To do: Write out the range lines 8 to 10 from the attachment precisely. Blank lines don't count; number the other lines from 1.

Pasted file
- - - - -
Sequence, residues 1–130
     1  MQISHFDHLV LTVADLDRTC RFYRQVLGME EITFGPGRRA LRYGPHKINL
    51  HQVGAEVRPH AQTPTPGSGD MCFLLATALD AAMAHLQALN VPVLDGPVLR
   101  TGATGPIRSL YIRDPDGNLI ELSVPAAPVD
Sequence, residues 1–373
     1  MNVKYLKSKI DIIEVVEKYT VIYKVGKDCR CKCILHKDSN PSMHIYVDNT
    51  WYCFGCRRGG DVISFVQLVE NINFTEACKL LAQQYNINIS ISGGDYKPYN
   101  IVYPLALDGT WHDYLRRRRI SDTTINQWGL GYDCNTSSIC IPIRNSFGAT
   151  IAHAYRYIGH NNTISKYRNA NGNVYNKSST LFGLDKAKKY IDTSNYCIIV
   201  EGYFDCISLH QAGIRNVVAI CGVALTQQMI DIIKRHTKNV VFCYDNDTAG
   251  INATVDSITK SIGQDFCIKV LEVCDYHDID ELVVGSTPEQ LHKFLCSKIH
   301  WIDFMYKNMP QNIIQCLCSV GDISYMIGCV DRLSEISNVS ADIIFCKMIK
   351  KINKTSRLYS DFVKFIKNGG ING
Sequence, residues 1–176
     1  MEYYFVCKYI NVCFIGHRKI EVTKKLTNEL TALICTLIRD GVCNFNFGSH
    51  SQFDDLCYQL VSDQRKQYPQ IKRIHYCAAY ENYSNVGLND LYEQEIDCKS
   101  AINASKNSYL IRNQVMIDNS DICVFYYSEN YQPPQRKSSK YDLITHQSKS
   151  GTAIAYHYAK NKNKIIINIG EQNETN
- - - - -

   101  IVYPLALDGT WHDYLRRRRI SDTTINQWGL GYDCNTSSIC IPIRNSFGAT
   151  IAHAYRYIGH NNTISKYRNA NGNVYNKSST LFGLDKAKKY IDTSNYCIIV
   201  EGYFDCISLH QAGIRNVVAI CGVALTQQMI DIIKRHTKNV VFCYDNDTAG